You have some options, including:
- Settling on the amount owed behind the judgments (necessitating a lump sum),
- Setting up a payment plan directly with the law firms (called a stipulated judgment), or
- Letting the creditors apply the judgments with a lien, levy or garnishment, or
- Filing bankruptcy.
Find an attorney to represent you in this matter. If you do not already have a regular attorney, contact your state or country Bar Association's attorney referral service to help you find an attorney in your area who should be able to assist you. I cannot say specifically what action you should take in regard to the judgment entered against you, as I do not know all of the details of the case. Generally speaking, when a party to a lawsuit fails to appear at a hearing, the court will enter a default judgment against the party which failed to appear.
When entering a default judgment, the court generally does not consider the facts of the case; rather, it simply assumes that you owe what is demanded in the complaint based on the fact that you did not appear to defend yourself. Thankfully, courts will sometimes set aside default judgments if a defendant can show that he or she had a good reason for not appearing at the previous court hearing. In addition, if you can show that you have a strong defense to the original claim, the likelihood of having the judgment set aside should increase. The only way to determine your chances of prevailing in this case is to consult with an attorney to discuss the details of your case. I suspect that your attorney will file a motion to set aside the default judgment entered against you; however, your attorney may find another strategy better suited to the specifics of your case, so it is imperative that you consult with an attorney as soon as possible to discuss ways to resolve this judgment.
If after consulting with an attorney, you find that you cannot resolve this debt through the courts, you may want to consider alternatives to resolving the judgment, such as negotiating a lump-sum settlement or a repayment plan with the creditor. You or your attorney will need to contact the creditor, or the creditor's attorney, to discuss repayment options available to you. You should also discuss your state's exemption laws regarding the enforcement of judgments. Depending on your state, the source of your funds, and several other factors, your bank account, wages, or other property may be exempt from creditor execution. Your attorney may need to file requests for exemption with the court, so make sure that you consult with your attorney as soon as possible to help you resolve this situation.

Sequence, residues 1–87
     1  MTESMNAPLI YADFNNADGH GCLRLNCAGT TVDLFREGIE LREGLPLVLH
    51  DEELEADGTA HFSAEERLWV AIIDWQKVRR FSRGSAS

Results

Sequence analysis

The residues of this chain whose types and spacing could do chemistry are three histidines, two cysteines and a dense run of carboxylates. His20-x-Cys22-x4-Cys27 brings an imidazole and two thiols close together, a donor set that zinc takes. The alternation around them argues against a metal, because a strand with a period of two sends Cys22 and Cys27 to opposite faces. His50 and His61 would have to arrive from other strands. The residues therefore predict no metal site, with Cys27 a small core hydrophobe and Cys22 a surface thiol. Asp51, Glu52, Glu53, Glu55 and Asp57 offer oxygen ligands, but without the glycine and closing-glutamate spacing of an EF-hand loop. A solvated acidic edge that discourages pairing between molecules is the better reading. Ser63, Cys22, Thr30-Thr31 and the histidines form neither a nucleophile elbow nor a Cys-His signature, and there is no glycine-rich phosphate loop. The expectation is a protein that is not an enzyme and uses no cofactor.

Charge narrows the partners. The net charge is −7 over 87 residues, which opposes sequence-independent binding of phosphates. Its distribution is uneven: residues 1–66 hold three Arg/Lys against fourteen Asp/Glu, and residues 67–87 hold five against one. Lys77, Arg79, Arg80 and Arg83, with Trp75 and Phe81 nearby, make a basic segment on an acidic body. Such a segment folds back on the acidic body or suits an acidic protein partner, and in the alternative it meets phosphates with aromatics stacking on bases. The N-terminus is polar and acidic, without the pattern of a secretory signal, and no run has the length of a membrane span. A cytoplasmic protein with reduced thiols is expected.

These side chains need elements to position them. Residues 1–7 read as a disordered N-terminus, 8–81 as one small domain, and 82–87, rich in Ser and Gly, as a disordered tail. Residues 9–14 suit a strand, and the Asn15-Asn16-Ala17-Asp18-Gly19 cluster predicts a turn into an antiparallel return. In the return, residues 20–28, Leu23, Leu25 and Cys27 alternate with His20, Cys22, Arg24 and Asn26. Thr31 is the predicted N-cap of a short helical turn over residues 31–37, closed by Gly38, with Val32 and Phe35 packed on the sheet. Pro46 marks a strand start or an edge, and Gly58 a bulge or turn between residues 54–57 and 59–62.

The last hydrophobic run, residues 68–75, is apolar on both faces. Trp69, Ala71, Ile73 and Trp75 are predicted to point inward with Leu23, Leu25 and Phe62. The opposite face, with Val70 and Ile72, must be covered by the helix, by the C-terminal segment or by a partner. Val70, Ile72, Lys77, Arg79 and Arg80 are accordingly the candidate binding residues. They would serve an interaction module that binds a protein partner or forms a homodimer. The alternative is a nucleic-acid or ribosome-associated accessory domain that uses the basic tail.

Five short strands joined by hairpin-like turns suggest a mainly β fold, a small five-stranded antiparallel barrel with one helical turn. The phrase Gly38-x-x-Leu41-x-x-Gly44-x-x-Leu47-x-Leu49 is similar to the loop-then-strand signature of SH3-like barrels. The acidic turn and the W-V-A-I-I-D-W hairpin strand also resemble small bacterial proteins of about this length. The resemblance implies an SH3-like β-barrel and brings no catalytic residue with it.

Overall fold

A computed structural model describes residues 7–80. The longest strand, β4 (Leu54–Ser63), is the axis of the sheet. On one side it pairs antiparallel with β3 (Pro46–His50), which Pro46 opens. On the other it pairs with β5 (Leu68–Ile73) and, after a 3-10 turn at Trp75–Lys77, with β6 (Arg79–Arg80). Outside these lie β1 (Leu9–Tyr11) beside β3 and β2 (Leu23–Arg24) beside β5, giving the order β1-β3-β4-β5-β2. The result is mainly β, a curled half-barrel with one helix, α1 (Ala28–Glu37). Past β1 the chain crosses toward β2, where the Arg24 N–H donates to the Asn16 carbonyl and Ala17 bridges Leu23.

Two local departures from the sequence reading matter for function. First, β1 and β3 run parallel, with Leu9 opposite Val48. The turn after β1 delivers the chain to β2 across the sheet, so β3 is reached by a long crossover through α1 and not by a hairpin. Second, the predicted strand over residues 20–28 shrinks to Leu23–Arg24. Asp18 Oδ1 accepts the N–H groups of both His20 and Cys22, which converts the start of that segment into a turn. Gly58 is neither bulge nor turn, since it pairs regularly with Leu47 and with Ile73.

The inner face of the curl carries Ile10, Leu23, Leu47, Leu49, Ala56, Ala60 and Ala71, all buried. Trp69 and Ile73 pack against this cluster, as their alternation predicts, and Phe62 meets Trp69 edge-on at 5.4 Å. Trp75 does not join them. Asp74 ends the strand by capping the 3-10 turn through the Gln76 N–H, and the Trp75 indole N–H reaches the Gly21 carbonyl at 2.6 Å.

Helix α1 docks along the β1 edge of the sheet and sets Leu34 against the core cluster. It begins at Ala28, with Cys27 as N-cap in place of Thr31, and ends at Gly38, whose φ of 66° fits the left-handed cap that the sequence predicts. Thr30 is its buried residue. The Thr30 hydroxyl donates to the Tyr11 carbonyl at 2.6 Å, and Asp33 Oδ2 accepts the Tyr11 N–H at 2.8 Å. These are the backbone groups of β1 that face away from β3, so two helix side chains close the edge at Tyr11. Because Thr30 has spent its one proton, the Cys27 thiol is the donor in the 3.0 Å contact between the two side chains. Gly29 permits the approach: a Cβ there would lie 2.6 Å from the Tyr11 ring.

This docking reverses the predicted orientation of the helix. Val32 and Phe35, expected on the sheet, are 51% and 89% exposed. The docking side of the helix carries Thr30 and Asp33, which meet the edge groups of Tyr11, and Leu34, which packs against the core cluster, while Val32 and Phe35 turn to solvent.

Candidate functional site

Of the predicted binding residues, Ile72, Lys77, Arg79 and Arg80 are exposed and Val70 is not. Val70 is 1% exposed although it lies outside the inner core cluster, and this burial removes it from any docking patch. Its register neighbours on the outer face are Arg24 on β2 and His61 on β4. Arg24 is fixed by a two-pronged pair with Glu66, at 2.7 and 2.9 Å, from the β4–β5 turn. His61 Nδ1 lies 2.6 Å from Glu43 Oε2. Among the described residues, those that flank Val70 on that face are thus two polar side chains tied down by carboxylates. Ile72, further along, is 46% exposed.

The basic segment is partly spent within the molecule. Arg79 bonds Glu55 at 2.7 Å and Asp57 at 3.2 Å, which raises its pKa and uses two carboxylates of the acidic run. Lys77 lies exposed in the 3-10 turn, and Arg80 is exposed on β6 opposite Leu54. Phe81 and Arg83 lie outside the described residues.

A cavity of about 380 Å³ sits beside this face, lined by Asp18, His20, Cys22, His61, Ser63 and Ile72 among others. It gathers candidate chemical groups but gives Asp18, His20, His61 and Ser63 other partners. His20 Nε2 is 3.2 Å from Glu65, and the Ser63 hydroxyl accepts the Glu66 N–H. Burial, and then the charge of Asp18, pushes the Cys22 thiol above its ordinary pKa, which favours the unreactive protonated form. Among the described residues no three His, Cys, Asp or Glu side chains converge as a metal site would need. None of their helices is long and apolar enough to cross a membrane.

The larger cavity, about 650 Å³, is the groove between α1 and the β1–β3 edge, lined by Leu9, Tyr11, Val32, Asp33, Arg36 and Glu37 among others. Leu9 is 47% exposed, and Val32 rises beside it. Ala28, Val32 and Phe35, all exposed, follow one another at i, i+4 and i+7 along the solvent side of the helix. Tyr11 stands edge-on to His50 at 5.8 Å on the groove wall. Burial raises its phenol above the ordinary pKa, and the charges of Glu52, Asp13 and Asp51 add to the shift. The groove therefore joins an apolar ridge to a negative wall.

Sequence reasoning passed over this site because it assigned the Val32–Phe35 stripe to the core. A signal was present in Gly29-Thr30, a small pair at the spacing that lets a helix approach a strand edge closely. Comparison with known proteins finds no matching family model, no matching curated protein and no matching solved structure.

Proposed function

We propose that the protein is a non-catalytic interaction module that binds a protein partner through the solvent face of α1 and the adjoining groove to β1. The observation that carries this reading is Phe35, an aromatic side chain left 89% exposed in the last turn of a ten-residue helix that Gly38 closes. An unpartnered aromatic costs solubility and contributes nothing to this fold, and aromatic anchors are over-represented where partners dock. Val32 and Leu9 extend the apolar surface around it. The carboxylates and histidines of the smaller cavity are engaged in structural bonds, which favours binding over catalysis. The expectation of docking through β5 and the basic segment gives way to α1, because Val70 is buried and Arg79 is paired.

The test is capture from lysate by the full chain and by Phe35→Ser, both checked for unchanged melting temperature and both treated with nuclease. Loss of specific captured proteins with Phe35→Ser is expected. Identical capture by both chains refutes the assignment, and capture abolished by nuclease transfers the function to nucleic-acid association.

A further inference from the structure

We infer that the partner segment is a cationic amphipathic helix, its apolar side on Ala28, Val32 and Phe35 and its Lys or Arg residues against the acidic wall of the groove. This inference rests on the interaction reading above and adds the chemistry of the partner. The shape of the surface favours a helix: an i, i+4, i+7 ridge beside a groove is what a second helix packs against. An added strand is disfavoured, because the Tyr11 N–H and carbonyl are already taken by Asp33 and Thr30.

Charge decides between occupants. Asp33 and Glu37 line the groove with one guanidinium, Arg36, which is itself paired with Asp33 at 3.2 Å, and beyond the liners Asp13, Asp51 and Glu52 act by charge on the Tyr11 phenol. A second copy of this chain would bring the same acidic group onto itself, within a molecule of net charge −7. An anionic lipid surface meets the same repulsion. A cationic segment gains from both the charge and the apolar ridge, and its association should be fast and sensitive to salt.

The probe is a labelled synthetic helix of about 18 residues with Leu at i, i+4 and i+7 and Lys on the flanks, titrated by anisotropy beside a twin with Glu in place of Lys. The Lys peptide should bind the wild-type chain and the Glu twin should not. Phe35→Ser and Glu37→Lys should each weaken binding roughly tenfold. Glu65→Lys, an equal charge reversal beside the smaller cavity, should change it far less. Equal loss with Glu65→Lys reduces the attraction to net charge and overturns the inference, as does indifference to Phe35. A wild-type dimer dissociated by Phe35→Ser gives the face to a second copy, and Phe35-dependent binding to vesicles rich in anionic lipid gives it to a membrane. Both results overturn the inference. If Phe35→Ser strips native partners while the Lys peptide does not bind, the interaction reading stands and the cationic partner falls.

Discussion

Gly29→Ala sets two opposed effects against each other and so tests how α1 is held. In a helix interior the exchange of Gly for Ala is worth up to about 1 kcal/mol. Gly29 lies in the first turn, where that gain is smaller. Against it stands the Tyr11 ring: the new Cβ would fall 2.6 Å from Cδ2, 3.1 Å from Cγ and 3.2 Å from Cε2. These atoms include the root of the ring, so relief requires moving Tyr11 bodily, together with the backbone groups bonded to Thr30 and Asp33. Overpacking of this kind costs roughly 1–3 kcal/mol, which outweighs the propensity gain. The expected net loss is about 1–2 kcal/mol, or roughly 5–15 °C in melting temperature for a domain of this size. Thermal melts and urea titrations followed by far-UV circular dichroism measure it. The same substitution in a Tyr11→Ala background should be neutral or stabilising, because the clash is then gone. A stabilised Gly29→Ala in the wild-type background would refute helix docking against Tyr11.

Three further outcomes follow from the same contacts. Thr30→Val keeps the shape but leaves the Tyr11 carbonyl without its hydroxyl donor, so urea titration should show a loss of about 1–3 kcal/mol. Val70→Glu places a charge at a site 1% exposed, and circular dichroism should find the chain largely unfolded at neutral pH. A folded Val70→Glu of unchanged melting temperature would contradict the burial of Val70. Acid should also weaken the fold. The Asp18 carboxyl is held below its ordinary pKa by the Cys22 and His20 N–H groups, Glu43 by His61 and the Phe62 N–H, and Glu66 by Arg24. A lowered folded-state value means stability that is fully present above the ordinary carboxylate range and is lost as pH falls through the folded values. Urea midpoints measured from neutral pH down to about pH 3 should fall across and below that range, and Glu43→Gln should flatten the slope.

You can also speak with a qualified bankruptcy attorney to discuss the relief available to you in bankruptcy. You can search for a American Bankruptcy Institute certified attorney in your area by visiting the ABC World Web site.
Consulting with an attorney does not mean you are going to file bankruptcy, but it will help you better understand the options available to you in case other solutions I mentioned above do not work out. For more information about bankruptcy, I invite you to visit the Bills.com Bankruptcy Information page.
An qualified bankruptcy attorney should also be able to carefully analyze each aspect of your financial situation to advise what non-bankruptcy solutions may help you.
Depending on your income and amount of debt, one of the several options I have described above may be able to help you. I encourage you to explore the Bills.com Debt Help page to read more about these and other options available to you.
Watch some Bills.com online videos about consumer finance topics.
I hope this information helps you Find. Learn. Save.